There are cycles in everything from the market to the seasons. The health of service clubs in our community is also subject to the whims of changing times.
On the West Shore, there are a number of clubs that have made a significant impact on the region. Think of the Kinsmen Field House or the Rotary Picnic Shelter at West Shore Parks and Rec.
At a recent meeting with the Gazette, Rotary members from two of the region’s clubs (one is for those who prefer morning meetings and the other for those who’d rather meet in the evening) were fairly satisfied with the number of people choosing to become a part of their organization.
Part of the success stems from a decision made 25 years ago to allow women into the club. Today, young women looking to network within the business friendly organization account for much of the Rotary’s growth, with about half of all members now women.
The club relies on existing members to bring in new members and it seems to be working.
“We just have really high quality people in our clubs,” said Harold McNabb of the West Shore Rotary. “They’re the kind of people you want to be around.”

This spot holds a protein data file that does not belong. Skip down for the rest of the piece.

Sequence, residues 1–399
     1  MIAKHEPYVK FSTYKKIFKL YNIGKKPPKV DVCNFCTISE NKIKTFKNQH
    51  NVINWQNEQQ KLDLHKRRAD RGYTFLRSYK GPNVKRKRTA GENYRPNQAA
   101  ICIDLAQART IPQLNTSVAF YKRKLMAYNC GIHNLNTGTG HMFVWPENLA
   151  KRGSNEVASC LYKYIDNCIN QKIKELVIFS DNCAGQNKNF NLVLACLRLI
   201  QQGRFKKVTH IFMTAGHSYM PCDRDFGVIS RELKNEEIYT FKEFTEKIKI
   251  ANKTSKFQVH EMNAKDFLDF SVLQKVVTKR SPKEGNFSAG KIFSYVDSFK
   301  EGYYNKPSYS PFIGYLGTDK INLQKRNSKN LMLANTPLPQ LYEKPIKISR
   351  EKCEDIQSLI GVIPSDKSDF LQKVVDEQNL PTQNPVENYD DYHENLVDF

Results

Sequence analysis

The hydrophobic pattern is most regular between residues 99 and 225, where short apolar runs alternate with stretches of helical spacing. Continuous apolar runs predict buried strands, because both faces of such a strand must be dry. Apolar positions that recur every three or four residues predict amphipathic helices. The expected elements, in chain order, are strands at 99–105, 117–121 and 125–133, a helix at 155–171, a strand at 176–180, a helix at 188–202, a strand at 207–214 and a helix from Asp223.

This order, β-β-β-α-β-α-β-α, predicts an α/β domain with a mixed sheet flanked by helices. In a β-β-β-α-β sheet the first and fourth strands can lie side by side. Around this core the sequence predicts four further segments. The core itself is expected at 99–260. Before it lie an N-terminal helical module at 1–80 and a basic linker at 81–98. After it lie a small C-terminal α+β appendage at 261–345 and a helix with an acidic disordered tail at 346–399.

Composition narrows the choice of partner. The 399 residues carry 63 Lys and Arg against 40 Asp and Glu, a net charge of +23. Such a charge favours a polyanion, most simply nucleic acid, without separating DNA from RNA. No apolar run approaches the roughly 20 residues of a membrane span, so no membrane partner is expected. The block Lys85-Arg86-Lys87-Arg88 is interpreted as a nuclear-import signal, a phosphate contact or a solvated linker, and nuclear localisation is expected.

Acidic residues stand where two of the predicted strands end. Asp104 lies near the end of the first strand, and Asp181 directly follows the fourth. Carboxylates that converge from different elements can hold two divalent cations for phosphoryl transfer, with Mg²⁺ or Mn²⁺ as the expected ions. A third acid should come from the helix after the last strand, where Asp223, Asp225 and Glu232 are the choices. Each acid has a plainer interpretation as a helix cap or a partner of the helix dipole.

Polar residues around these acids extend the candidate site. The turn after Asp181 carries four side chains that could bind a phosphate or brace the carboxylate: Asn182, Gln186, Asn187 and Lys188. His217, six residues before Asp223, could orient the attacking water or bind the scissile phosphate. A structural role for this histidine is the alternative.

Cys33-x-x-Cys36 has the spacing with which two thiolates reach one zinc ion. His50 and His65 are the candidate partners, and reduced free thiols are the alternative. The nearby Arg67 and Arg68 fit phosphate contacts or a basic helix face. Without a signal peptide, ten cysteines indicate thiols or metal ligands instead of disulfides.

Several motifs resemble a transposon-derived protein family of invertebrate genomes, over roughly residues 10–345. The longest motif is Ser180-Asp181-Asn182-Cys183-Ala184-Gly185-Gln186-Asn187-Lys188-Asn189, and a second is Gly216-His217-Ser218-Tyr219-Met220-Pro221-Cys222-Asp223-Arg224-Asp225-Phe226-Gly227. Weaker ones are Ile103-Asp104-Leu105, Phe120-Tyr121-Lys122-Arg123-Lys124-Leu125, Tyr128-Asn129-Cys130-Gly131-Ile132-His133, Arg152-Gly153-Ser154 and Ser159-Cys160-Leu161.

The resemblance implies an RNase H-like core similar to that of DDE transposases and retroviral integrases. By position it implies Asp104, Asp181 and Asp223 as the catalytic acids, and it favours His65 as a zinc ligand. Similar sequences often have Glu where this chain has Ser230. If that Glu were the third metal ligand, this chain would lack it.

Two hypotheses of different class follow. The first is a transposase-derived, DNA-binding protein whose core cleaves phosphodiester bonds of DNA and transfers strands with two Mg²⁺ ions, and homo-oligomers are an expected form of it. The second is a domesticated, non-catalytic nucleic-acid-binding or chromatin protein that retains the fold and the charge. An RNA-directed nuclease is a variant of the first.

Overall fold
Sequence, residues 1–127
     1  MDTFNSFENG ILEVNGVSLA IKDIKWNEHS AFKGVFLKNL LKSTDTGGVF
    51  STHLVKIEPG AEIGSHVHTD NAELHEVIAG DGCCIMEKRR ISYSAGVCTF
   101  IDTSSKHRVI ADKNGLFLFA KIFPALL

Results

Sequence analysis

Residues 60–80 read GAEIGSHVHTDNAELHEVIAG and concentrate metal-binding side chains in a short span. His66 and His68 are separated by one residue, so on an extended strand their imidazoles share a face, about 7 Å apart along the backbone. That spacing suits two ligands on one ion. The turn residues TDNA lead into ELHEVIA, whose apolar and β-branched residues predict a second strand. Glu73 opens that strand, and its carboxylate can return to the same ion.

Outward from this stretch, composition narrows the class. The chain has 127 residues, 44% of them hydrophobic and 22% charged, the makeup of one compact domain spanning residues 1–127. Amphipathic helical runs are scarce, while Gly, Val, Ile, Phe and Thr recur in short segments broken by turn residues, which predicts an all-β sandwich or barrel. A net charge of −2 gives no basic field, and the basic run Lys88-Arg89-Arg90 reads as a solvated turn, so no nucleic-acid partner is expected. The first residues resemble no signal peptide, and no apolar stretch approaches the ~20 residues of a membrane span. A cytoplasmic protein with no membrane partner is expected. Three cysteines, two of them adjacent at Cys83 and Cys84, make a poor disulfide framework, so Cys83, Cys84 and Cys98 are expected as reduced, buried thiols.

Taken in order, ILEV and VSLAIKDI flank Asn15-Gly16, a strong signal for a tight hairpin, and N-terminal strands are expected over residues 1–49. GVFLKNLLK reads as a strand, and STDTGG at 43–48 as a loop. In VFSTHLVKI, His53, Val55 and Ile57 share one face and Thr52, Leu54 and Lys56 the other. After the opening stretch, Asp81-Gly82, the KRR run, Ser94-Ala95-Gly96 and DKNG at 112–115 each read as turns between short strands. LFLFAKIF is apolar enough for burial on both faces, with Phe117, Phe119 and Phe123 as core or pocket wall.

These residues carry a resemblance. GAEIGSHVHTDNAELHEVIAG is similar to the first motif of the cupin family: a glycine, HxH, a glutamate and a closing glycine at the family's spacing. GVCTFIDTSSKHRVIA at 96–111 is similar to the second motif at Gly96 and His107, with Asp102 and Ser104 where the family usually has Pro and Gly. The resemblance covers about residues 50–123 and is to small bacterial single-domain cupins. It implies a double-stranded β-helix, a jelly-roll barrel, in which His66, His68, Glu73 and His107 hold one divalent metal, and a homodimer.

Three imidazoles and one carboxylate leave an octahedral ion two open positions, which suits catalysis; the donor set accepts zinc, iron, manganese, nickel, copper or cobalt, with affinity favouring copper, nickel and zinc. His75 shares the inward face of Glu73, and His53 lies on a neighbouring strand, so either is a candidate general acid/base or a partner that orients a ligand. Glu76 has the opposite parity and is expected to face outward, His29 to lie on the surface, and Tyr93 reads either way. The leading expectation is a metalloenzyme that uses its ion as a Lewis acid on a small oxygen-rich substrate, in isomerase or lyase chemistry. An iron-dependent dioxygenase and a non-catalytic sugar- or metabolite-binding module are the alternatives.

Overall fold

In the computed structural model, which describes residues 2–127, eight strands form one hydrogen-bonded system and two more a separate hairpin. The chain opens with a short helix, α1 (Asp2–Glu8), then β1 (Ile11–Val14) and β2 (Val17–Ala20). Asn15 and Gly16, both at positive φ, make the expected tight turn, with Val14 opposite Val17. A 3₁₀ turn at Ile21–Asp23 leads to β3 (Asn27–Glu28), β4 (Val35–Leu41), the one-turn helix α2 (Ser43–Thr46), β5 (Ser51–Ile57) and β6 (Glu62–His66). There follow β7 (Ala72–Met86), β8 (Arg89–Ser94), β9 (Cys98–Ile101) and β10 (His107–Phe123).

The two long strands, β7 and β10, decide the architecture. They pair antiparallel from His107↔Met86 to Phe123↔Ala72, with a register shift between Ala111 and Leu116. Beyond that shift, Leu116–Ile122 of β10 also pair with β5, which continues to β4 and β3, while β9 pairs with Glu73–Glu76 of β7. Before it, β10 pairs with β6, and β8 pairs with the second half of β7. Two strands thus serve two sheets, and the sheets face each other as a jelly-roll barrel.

The same could be said of another service club in town, though its traditional membership is a tougher demographic to find these days.
The West Shore Lions Club is made up mostly of retirees who are looking for a way to continue giving back to the community. The club is deeply rooted on the West Shore, though they’re perhaps best known for their annual Easter Seals campaign.
Paul Patrick, an officer with the West Shore Lions Club, said it’s trickier for his club to recruit members because they might be new in town after moving to the community to retire.
It’s definitely an issue in a place that is growing as fast as the West Shore.
So, if you’re thinking you can do a little more to help make this community an even better place to live, think about giving a service club what is truly your most valuable asset: your time.